As we go through our Brazilian Jiu-Jitsu training, it’s so easy to care about things that just don’t matter. We get so caught up in the “sport” aspect of BJJ and forget about the spiritual side of the martial art. We forget to appreciate the internal struggle we face as we experience victory and defeat, and the deep relationships forged as a result of this common ground. These relationships in turn make dealing with life’s hardships a little less painful.
Cheri Muraski of Fort Collins, Colorado reminds us of exactly what is important and she inspires us beyond measure. When we received the nomination email from Cheri’s friend and training partner Rossie Shaffer, we couldn’t wait to share her inspiring story with everyone.
World meet Cheri.
Fenom: Hi Cheri! Tell us about yourself and your BJJ training life. How did you get started? How long have you been training? Where do you train?
Hi my name is Cheri. I’m 31 years old and I train at Mcmahon BJJ in Fort Collins, Colorado and hold the rank of blue-belt. My two sons Ryan and Christian train BJJ. My 9-year old son Ryan started when he was six. My husband started after him, I started after my husband, followed by Christian. I actually was not thinking of training but shortly after Kevin started he came home and said “let me show you this arm bar I just learned” He tackled me and armbared me. (My husband and I have always been competitive with one another) when he armbared me I was unable to get out. Shortly after that happened I signed up. We have been training ever since.
Fenom: How do you balance your regular family life with BJJ? What are some of the challenges and rewards?
We have always been lucky enough to train as a family. The kids classes are scheduled right before the adult class so we are able to just stay there. Kevin had been self-employed and I have been lucky enough to configure my work schedule around class. We were training about 4-5 times a week. Three months ago Kevin passed away suddenly. After he passed I thought I would never be able to return to BJJ. This was something we always did together. I have always felt close to our school but now I consider everyone there family. I can’t even begin to tell you the love and support our family has received. I now train 6 days a week and double up my training 2 out of those 6 days. BJJ is the only thing that helps right now emotionally and physically. My coaches and training partners at Mcmahon BJJ and our sister school Easton BJJ mean the world to me.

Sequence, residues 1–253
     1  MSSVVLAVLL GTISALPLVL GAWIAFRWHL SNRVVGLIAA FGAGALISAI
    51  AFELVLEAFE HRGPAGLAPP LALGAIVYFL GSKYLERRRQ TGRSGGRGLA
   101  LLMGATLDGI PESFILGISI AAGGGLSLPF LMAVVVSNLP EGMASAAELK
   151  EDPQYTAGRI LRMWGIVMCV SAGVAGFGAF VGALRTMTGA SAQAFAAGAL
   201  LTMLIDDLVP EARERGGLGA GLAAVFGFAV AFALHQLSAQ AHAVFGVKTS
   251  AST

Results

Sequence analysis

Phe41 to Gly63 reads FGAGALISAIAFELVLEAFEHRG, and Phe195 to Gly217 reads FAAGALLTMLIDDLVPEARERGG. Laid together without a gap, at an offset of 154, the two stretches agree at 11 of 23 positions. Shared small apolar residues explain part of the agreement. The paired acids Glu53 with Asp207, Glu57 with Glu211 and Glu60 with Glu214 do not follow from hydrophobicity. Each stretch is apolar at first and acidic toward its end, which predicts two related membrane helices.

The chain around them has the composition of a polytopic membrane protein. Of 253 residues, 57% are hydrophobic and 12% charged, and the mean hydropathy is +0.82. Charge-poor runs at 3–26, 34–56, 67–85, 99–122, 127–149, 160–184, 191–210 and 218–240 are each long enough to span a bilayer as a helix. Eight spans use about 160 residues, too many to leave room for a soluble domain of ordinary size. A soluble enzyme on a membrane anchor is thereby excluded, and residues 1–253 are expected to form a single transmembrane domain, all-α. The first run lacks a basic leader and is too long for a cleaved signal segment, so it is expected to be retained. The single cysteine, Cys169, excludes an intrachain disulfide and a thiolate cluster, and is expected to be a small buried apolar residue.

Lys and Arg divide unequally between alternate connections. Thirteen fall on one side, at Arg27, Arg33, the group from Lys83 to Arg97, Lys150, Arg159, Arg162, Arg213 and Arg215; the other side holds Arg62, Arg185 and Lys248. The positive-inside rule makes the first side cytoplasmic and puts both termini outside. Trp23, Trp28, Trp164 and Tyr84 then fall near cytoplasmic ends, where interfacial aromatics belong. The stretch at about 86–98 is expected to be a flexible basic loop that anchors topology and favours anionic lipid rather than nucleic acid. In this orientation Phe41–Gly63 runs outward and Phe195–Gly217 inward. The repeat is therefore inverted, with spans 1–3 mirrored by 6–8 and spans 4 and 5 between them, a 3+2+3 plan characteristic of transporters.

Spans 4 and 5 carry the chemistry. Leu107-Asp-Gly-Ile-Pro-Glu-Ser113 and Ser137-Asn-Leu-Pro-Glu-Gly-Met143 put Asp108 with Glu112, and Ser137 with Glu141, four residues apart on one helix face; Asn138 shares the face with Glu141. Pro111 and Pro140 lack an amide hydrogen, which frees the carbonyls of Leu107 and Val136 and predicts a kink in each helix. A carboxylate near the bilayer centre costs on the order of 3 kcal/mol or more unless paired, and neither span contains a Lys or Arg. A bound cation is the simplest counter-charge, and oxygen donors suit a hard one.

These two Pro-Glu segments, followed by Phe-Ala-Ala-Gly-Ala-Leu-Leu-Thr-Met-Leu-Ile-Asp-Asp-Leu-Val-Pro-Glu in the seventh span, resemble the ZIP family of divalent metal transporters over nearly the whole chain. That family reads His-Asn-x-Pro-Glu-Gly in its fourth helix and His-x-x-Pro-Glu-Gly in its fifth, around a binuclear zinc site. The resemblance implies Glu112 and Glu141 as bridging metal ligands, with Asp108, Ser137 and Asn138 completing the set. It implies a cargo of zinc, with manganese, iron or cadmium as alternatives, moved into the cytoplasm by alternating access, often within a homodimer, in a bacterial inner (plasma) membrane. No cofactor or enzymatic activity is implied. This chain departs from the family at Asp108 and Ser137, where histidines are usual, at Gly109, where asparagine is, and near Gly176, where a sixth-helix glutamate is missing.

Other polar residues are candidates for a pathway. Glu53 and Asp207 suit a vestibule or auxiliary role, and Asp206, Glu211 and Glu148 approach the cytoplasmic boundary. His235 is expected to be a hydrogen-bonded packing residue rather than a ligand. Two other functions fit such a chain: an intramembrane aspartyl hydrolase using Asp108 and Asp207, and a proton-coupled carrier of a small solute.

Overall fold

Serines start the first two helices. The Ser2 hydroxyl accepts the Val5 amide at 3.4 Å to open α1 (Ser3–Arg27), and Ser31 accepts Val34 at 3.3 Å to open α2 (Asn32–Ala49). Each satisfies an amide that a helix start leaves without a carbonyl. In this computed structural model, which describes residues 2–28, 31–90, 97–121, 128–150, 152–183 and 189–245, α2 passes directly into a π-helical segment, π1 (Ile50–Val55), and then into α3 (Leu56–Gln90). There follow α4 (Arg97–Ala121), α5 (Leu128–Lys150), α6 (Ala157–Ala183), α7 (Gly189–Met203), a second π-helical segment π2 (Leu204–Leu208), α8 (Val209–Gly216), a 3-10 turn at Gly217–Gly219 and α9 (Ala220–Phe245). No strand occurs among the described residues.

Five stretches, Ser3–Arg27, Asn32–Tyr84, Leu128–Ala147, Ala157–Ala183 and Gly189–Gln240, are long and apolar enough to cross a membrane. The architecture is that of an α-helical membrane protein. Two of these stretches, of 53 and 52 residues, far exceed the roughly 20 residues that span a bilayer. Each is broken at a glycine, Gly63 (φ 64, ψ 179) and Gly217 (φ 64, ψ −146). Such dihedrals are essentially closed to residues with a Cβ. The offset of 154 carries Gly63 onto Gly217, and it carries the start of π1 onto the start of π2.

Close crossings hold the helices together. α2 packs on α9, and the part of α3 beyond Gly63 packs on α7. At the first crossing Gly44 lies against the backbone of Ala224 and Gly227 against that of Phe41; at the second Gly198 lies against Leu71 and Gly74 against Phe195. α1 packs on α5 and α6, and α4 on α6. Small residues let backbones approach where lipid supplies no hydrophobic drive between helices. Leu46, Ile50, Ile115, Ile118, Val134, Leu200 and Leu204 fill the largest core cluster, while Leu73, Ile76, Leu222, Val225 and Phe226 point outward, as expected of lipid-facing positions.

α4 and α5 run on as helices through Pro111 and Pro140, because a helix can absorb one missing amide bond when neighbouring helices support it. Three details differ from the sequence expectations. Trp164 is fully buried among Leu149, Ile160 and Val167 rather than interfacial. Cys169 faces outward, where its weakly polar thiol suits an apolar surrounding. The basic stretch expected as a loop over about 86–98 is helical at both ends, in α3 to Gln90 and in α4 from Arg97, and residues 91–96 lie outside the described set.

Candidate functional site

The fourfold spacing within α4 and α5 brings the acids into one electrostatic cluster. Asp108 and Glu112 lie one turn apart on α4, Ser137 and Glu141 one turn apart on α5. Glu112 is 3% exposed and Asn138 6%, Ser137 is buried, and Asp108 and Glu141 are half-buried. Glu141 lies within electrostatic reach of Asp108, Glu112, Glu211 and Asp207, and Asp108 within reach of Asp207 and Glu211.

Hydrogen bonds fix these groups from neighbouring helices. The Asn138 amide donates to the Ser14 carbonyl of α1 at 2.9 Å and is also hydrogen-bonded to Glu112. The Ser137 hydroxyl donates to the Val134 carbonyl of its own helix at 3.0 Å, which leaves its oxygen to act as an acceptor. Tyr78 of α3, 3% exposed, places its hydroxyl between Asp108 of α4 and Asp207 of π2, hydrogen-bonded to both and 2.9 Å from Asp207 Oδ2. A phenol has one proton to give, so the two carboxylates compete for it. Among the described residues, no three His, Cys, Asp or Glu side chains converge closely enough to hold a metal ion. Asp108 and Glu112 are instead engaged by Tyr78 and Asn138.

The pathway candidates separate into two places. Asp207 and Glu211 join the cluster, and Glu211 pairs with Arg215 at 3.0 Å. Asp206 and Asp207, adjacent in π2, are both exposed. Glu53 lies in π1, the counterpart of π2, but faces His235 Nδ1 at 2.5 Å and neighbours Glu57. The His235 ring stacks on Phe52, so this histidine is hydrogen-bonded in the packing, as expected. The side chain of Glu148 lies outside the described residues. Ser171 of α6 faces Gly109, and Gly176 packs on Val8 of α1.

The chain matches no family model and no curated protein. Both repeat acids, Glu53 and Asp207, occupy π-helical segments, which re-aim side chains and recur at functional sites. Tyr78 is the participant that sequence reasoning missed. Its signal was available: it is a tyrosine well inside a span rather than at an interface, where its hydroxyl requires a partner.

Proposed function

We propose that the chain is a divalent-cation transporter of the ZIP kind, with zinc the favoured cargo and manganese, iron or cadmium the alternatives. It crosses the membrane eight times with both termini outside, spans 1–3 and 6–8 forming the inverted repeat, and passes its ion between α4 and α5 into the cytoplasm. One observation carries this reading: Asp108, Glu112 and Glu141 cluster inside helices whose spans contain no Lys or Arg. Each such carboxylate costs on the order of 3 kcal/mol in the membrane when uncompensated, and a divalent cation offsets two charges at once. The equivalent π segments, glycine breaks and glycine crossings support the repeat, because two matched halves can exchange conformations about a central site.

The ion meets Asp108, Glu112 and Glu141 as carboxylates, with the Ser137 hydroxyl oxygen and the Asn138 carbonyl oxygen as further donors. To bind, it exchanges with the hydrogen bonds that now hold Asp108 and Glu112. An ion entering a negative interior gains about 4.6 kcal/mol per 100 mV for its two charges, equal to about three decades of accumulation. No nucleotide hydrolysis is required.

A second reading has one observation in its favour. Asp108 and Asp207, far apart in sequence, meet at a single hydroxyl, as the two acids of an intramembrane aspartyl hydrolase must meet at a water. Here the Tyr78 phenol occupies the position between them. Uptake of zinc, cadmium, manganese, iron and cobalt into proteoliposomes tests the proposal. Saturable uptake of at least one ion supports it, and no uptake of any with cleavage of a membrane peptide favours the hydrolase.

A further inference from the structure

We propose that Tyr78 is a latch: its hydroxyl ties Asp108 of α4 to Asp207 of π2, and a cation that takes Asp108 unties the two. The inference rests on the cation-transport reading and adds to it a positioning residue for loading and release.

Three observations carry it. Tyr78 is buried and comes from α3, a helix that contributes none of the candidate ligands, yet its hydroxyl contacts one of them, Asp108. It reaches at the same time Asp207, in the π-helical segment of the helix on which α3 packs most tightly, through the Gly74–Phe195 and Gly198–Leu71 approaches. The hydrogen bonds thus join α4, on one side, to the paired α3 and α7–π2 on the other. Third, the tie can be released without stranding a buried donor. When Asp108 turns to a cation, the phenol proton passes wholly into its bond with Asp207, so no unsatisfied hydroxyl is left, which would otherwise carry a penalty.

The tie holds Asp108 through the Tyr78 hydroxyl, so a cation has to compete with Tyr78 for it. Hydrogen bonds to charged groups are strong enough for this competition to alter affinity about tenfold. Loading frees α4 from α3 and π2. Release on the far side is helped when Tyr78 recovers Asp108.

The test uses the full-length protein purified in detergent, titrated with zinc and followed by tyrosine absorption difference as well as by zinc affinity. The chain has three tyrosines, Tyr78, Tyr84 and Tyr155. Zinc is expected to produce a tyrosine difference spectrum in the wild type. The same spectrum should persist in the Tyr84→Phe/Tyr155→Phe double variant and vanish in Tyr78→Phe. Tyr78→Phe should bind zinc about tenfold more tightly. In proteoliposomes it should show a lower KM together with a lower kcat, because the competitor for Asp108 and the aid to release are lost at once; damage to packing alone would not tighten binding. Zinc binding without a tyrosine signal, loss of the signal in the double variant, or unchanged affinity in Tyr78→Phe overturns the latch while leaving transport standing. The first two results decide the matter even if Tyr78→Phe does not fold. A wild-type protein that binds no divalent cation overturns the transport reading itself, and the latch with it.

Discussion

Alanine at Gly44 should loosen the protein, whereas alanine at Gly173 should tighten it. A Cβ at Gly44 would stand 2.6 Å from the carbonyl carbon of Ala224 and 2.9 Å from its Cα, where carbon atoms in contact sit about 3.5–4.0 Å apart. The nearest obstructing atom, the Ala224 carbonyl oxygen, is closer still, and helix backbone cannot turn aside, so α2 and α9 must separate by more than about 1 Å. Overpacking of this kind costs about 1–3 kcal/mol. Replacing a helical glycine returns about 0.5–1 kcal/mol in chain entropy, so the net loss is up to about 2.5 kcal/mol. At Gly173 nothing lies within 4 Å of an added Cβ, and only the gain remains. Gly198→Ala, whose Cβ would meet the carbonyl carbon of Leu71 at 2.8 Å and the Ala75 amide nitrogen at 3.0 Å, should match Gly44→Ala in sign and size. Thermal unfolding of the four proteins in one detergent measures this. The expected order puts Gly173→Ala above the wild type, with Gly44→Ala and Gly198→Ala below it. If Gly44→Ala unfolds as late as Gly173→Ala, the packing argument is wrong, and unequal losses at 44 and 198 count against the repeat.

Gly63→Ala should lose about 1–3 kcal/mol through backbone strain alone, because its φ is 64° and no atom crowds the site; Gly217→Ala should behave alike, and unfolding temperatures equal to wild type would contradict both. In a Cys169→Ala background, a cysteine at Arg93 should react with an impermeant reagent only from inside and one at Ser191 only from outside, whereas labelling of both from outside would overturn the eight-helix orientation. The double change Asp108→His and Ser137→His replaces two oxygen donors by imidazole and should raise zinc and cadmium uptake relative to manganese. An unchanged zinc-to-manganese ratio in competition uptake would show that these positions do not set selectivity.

Fenom: Do you think all women should compete? Please explain your answer.
I am just starting to get in the competition scene. I have competed three times to date. The most recent event was the Fight to Win tournament in Denver, Colorado where I took first place in Gi and third place in No Gi! I am also planning to compete in Pan Ams this spring. My advise to other women is to train when ever you can and just have fun. I think all women should at least try it once. Step onto the mat without the pressure of winning or loosing. If you win awesome, if you loose you’ll at least know you had the guts to give it a shot.
Fenom: Can you share some of your short and long term goals for your personal BJJ journey and your family?
My long term goal has always been to get my black belt. However without Kevin here I am just trying to make it through the next minute so I can’t really say.
Fenom: If you could name the one thing you love most about training BJJ, what would that be?
Without a doubt, the people. It doesn’t matter if I walk into our school or one of our sister schools, I always feel welcome. The growing women’s BJJ community in our area gives me a whole new way to enjoy the people. We just started a women’s only class on Sundays at Easton BJJ and it is awesome! A special thanks to my coaches Tessa and Finnie McMahon, and Alistair Macdonald for encouraging me to be better.
Fenom: Cheri, thank you for letting us share your story with our readers. You are an inspiration to us all and we’ll be on the look out for you as you rise through the ranks! See you at black belt!
In memory of Kevin Muraski.